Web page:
Medline ® Abstract for Reference 19
of 'Nonepileptic paroxysmal disorders in children'
Myoclonic epilepsy masquerading as a tic disorder.
Sethi NK, Labar D, Torgovnick J
Clin Neurol Neurosurg. 2007;109(6):509.
Myoclonic epilepsies comprise a heterogeneous group of epileptic syndromes characterized by myoclonic jerks, generalized tonic-clonic seizures (GTCSs), and sometimes absence seizures (multiplicity of seizure types). JME (Juvenile Myoclonic Epilepsy) is relatively common and usually responds well to treatment with appropriate anticonvulsants. Others like the progressive myoclonic epilepsy syndromes are relentlessly progressive, associated with cognitive decline and respond poorly to anticonvulsants. Myoclonic epilepsy is frequently misdiagnosed until the patient is specifically asked about the leading symptom, i.e., jerky movements occurring in the morning. We present here a patient who had been misdiagnosed as a tic disorder and treated for the past many years before the correct diagnosis of myoclonic epilepsy was made during an admission for Video-EEG monitoring.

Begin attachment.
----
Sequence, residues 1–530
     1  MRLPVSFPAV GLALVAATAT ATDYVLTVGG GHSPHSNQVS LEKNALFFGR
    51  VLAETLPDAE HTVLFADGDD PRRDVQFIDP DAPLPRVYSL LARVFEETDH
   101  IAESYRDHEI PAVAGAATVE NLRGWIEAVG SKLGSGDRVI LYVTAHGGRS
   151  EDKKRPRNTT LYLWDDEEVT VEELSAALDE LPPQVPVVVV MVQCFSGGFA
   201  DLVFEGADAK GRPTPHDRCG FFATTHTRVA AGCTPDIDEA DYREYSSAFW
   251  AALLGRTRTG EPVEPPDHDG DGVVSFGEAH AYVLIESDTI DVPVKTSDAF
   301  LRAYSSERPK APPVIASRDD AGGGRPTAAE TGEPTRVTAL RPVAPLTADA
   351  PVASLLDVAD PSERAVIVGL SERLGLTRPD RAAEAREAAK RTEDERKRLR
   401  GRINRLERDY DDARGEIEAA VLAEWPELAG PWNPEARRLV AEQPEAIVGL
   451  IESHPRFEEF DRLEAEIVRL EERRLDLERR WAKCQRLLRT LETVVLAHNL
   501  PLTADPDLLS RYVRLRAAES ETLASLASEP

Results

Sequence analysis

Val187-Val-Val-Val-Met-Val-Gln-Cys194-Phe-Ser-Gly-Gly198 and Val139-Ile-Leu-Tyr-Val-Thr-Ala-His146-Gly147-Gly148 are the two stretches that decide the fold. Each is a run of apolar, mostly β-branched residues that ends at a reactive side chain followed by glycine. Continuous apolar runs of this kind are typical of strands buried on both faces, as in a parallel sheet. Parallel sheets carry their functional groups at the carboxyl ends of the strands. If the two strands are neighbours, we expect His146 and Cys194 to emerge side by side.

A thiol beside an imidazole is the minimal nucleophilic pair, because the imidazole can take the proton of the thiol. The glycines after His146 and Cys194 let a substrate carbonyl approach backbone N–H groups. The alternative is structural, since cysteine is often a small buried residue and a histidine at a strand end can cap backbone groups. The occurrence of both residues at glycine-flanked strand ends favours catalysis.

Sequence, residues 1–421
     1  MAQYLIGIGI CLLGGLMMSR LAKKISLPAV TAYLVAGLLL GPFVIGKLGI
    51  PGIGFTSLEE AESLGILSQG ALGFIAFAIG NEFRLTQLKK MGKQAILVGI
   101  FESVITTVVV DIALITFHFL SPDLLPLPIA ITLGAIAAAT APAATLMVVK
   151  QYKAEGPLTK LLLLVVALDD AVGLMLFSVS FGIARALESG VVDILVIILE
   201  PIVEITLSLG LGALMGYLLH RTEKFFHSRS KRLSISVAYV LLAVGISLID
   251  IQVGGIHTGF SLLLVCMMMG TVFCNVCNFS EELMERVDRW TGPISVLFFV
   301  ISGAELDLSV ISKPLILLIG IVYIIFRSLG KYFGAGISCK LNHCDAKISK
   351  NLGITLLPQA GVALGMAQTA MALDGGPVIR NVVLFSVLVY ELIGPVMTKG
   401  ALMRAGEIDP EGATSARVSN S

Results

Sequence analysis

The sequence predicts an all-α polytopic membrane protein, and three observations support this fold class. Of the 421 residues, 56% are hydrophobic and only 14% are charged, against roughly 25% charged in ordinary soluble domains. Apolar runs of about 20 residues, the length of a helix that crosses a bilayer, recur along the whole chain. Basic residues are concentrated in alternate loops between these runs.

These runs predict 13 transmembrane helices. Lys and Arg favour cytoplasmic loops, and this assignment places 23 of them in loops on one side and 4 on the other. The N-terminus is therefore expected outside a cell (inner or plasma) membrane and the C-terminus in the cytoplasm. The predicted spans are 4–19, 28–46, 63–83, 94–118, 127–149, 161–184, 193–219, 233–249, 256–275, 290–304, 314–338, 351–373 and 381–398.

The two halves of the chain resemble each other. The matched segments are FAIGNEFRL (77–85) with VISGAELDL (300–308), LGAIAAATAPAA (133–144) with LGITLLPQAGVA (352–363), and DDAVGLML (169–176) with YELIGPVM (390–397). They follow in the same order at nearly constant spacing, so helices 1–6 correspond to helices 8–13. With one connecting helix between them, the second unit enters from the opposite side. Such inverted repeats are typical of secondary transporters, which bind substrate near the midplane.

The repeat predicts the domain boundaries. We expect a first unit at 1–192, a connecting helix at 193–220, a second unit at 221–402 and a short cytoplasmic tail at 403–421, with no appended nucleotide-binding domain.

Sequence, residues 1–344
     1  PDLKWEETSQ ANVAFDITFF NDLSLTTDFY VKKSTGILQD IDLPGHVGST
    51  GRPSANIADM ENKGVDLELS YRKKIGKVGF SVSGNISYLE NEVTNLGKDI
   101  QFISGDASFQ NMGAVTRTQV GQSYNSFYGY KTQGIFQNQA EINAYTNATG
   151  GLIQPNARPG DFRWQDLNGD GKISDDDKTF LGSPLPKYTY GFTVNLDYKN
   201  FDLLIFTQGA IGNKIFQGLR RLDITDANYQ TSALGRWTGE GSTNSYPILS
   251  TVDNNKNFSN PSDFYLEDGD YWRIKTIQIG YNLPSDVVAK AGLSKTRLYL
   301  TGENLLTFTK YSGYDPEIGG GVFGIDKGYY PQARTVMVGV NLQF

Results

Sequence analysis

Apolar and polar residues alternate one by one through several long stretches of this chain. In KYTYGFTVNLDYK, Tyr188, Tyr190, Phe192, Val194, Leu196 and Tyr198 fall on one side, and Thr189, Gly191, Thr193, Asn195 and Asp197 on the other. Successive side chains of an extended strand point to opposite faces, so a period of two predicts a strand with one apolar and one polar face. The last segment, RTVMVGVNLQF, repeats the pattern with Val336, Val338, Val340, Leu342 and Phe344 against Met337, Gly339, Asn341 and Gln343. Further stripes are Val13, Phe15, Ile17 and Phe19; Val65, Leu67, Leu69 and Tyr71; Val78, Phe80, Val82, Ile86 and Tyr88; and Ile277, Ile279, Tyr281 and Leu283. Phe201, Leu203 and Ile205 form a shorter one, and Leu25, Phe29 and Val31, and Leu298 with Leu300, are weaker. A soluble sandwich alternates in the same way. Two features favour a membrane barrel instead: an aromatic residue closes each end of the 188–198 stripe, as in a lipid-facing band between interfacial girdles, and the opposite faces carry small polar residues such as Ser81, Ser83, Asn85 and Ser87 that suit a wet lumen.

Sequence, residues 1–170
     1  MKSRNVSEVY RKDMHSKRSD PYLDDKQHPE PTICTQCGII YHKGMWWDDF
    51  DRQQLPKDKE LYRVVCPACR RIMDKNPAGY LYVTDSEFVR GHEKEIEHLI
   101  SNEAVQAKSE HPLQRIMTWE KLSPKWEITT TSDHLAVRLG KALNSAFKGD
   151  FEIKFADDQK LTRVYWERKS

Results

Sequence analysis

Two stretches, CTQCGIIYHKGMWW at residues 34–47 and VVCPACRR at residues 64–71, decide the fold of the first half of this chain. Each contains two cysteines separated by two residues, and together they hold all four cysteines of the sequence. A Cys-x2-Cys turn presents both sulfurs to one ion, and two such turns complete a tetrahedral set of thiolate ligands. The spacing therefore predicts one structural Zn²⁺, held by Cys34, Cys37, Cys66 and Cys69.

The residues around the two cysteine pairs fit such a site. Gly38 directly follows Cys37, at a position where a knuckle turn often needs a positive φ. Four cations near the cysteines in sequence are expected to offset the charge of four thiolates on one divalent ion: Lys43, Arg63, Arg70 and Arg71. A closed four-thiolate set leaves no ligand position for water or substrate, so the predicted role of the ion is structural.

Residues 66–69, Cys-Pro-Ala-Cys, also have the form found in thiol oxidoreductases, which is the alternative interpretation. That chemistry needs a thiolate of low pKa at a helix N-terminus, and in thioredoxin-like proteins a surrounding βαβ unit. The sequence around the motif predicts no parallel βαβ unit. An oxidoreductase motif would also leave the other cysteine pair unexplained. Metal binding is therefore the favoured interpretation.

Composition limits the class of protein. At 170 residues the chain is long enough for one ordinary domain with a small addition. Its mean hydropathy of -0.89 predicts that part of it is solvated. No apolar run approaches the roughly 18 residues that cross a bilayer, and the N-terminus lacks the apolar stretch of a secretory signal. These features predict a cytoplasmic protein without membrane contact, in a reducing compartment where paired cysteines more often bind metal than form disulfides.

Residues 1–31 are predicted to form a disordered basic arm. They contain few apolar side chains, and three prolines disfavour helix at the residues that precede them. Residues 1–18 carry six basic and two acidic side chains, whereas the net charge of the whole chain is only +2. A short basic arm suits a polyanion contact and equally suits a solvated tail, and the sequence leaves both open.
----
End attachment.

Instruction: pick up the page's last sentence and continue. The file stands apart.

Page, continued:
Comprehensive Epilepsy Center, NYP-Weill Cornell Medical Center, K-619, 525 E 68th Street, New York, NY 10021, United States. firstname.lastname@example.org<email@example.com>